Tis’ the season for pumpkin spice, Autumn leaves, peppermint, and eggnog everything. But there’s more to running successful holiday campaigns than slapping a red and green bow on your products and expecting them to sell. Here are three communications secrets to creating compelling holiday messaging that speaks to your audience, drives more conversions, and creates life-long customers.
1. Know Why People Really Spend Money This Time of Year
The holidays are a time when people spend money on loved ones. But why? They aren’t doing it to be frugal or logical. They’re doing it because they want their loved ones to know they care. They want to be the deliverer of joy through a gift. They want their loved ones to have a positive experience that endures them to one another.
Humans evolved to be communicators, to have shared social experiences. Why? Because we rely on each other for survival. Because we’re a communal species. If we hadn’t formed groups when we came down from the trees, we likely would not have lasted long.
The holidays are a time where it is traditional to share gifts to show love. Is it commercialized? Yes. Is it capitalistic? Mostly. Does it have to be? No. Is it the only way to show you care? No, of course not. But with the smell of gingerbread latte wafting through the air and peppermint eggnog everywhere, it’s hard to humbug against the holiday spending spree, and as a brand, you should at least be aware of how to put your best foot forward.
To quote a saying which has been attributed to many, “People will forget what you said or did. They will remember how you made them feel.” Your customers buy your product as a gift because they want to evoke a feeling, an experience.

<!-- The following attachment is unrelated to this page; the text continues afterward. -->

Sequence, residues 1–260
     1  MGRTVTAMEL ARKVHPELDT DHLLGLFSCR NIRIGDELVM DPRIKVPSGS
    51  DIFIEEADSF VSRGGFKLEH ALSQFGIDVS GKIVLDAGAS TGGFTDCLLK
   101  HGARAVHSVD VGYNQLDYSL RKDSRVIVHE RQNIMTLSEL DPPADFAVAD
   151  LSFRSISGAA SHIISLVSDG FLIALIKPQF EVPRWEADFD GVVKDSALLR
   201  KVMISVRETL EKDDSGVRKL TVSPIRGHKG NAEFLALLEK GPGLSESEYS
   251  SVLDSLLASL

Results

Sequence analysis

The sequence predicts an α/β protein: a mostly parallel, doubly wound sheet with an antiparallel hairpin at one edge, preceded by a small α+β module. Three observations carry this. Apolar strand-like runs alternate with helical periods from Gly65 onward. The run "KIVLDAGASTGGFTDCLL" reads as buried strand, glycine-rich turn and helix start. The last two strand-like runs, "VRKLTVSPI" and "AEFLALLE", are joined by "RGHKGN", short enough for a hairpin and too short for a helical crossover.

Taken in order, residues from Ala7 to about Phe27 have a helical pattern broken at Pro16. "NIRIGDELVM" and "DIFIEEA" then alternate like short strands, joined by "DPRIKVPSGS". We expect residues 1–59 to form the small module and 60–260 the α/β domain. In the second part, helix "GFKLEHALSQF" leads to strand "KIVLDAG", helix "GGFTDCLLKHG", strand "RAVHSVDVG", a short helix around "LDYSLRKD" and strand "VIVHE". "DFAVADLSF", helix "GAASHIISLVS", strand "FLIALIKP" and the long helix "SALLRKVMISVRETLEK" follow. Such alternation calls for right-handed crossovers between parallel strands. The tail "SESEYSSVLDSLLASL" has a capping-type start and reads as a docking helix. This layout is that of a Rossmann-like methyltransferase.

Make your customers feel something; something that makes them remember themselves, their loved ones, and your brand.
2. Know Who Is Buying Your Products: Hyper Target Your Audience
It’s easy to imagine your customer base as a sea of smiling faces clamoring to get your products. But you’d be wrong, and if that’s as much customer research as you do, your brand won’t last long.
Your audience is diverse. They have values, hopes, dreams, preferred breakfast cereals; it’s your job to get to know your audience.
In the immortal words of Davish Krail from Star Wars Episode IV, A New Hope; “Stay on target.”
Define the 3 most prominent types of customers you have (5 if you’re really sure), and target them with a passion. Get into their headspaces, their time zones, their hopes, their dreams. Figure out what makes each of the groups tick and develop a “customer profile” for each of them. Segment your email campaigns based on these groups. These 3 to 5 profiles are your roadmap for your communications from here on out, at least until your company evolves.
If you’re a startup, it’s best to re-evaluate these groups annually.
3. Don’t Make it All About You: Make it About Product Benefits
Most noob product announcements, and even seasoned ones, pontificate about how “their company” is doing something big. How “their company” is pleased to announce. How “their company” is offering. How “their company” is having a Winter Sale. You get the idea. It’s boring and egocentric, and doesn’t care about the customer.
In the eternal words of Janet Jackson, “What have you done for me lately?” Not last year. Not last season. What are you offering right now?
It’s time to get over yourself. No one cares about your company or brand or product on its own. It doesn’t matter if you’re Apple, Amazon, or a hot new startup darling–no one cares unless you’re useful, unless you help the customer do something better, faster, or more successfully.
Instead, focus on how your product benefits customers. You’re not offering them a new watch; you’re offering them a digital companion that reminds them of the important things in life. You’re not selling them a bluetooth soundbar for their kids; you’re gifting them the experience of connecting with their child through better quality audio.
Whatever the benefits, make it as real as possible. Connect it to your customer profiles. Hire a copywriter to get the messaging right for each group. No one wants to be sold to, but everyone wants a solution.
About the Author
Jennifer is a storyteller who connects big ideas with audiences. She specializes in public relations, brand development, and creative services for startups, theme parks, musicians, authors, nonprofits, and more. From audience awareness to brand development, and positive social change, Jennifer works with clients she believes in and that she believes she can help.
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